Your husband's reluctance to talk about your problems is maddening, but not unusual for his generation.

London - Samantha Puleston always felt her husband Andy lived in his own world. Even during the most emotionally charged moments of their relationship, he could appear oddly detached and preoccupied with irrelevant practical details.

“Our daughter Sophie is 18 weeks old, and I had an extremely difficult labour which resulted in an emergency Caesarean,” says Samantha, 41. “I was terrified, but Andy seemed unaffected by the danger. He was calm and even cracking jokes, which made me angry. But I know he wasn’t being like that on purpose - it’s simply how he is.”

To many women, Samantha’s frustration at her husband’s insensitivity will sound all too familiar. Yet the traits she finds most frustrating in Andy are due to more than just stereotypical male behaviour.

She now knows they are the result of Asperger’s syndrome, a form of autism sometimes referred to as a “hidden disability” because the symptoms are not always immediately apparent.

It means Andy, 46, an accountant from Honiton, Devon, can have problems with social interaction and communication. People with Asperger’s can often misread signals and say or do what many people would regard as inappropriate.

Sam says: “He is very precise and pedantic - if you ask him how he is, he will tell you in great detail. Or if you ask him how something works, he will give you so much information and talk for such a long time it can be baffling. I’m used to it, but I can see people who don’t know him looking bewildered.”

Andy says: “Growing up I knew I was different, but I was never diagnosed. I didn’t fit in. At the age of eight, I had a reading age of six. I also had a speech problem in that I spoke much too fast, and I was diagnosed with dyslexia. But I never let it hold me back, and I was always excellent at maths.”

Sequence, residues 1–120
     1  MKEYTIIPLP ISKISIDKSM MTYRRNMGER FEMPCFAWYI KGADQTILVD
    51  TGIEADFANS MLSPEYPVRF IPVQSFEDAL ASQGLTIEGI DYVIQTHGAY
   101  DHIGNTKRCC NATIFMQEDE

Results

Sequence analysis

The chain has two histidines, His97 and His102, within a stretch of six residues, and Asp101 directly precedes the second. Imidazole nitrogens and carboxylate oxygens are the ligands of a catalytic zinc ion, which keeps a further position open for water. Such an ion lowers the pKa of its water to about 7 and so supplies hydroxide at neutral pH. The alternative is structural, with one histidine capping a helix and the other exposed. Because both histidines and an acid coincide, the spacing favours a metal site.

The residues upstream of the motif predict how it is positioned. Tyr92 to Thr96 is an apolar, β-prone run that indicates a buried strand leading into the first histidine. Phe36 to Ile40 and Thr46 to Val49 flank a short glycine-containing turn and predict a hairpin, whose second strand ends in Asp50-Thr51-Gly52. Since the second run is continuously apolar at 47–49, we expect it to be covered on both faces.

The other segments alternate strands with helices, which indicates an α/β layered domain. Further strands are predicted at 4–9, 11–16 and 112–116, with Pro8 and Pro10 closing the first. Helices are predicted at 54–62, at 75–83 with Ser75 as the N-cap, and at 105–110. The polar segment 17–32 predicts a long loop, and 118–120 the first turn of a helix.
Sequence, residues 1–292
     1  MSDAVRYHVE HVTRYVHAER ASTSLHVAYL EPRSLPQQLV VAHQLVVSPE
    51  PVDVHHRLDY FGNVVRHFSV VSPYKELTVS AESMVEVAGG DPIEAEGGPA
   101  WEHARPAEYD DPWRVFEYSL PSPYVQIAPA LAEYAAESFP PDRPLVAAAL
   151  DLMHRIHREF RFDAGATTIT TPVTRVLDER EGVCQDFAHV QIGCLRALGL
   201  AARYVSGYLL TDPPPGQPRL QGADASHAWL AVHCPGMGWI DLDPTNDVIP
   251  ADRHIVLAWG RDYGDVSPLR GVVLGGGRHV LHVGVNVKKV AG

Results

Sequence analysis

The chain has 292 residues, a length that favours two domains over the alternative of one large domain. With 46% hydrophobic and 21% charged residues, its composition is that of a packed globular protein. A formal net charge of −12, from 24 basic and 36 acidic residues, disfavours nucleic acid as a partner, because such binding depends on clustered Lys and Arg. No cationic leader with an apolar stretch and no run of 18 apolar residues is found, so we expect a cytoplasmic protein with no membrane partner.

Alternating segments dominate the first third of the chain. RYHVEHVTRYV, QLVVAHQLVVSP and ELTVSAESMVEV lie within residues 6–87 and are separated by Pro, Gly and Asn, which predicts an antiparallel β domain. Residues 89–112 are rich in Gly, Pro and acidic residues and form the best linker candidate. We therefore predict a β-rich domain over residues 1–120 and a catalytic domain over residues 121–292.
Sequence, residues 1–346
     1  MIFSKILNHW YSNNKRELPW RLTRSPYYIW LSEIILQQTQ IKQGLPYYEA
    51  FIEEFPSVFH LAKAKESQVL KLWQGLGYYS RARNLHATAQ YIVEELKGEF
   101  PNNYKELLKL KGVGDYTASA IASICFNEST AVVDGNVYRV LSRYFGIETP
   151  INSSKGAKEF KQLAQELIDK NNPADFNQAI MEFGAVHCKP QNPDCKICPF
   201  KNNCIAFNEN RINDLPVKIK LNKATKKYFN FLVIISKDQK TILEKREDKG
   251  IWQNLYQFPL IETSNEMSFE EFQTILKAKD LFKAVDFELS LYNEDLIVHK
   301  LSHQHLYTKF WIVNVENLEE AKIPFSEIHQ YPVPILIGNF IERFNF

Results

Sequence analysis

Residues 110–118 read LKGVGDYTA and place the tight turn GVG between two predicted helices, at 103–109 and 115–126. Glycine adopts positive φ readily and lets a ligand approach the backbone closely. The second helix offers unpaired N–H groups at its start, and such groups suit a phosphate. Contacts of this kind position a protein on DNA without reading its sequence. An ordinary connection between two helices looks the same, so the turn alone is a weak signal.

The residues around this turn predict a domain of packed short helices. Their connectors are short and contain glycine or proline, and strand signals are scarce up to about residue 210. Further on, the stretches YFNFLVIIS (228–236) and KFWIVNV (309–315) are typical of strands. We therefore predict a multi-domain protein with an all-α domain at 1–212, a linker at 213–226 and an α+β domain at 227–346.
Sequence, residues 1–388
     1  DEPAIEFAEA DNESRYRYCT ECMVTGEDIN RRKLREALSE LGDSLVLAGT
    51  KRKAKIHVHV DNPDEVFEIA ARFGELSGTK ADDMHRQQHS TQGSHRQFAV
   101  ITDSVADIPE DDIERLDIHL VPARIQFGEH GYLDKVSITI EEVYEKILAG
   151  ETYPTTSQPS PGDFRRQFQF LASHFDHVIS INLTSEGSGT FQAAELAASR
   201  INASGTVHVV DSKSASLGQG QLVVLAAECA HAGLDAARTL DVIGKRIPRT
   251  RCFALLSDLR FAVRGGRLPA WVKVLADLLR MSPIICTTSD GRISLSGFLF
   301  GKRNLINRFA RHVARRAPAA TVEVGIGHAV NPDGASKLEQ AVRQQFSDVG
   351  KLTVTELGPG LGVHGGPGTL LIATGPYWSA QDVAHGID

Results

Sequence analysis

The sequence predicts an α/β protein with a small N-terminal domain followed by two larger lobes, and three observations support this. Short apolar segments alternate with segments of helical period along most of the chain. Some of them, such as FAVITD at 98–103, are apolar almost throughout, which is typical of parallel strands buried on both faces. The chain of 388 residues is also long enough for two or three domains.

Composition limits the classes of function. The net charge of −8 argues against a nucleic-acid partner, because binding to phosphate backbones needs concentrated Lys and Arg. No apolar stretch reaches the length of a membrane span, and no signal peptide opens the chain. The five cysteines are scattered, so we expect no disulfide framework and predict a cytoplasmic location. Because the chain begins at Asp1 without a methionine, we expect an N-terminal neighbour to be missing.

One in 125 people in Britain have been diagnosed with autistic spectrum disorder and experts are seeing a marked increase in the numbers of adults being diagnosed with Asperger’s, particularly men, who are affected four times as often as women.

Asperger’s sufferers are often highly intelligent and their forensic attention to detail and ability to focus can make them extremely successful in their careers. Yet the condition can have a damaging impact on personal relationships. They often struggle to pick up emotional signals from their partners and find it hard to understand how they can make them happy.

For some men, getting a diagnosis of Asperger’s can mean the difference between their relationship breaking down - or not.

“A lot of men in their mid-40s are being diagnosed,” says Caroline Hattersley, from the National Autistic Society. “We’ve got much better at identifying the condition in young people, and often it’s the case that a child will be diagnosed and then the family will recognise the traits in the father, too.

“Asperger’s can make navigating two people’s needs in a relationship difficult. If women don’t understand why their husbands appear unfeeling, it can be hurtful. Often, a diagnosis brings relief to the person with Asperger’s and their family, because it helps explain problems they’ve faced.”

When Andy discovered he had Asperger’s, it made sense of the behaviour Samantha had noticed since their relationship began a decade ago. “When we met, I was struck by his intelligence, but I also noticed he has problems remembering instructions or retaining the order of a list,” she says.

“He is extremely precise, which is why he’s such a good accountant, and he is never happier than poring for hours over his spreadsheets. He’s very good with money and running the family budget.”

Samantha says Andy is a loving, hands-on father to their five children; Reuben, seven, Georgia, six, Noah, four, Barney, two, and baby Sophie. It was after Noah was diagnosed with autism at the age of two that Andy realised he was on the Asperger’s spectrum, and Samantha believes his condition has helped him bond with Noah.

“But his behaviour can be frustrating,” she says. “When you say something to him, he will often take it literally, and when people ask him a question, he’ll give an extremely fulsome answer.”

Andy says: “It was a shock to discover I had Asperger’s, but things fell into place. I know people can be bewildered about how I function. It has helped me understand the way I am, and it helps Samantha make allowances for the way I react in certain situations.”

Not every couple manages Asperger’s so successfully, however. Maxine Aston is an author and therapist who specialises in marriage counselling for couples in which one or both partners has the condition.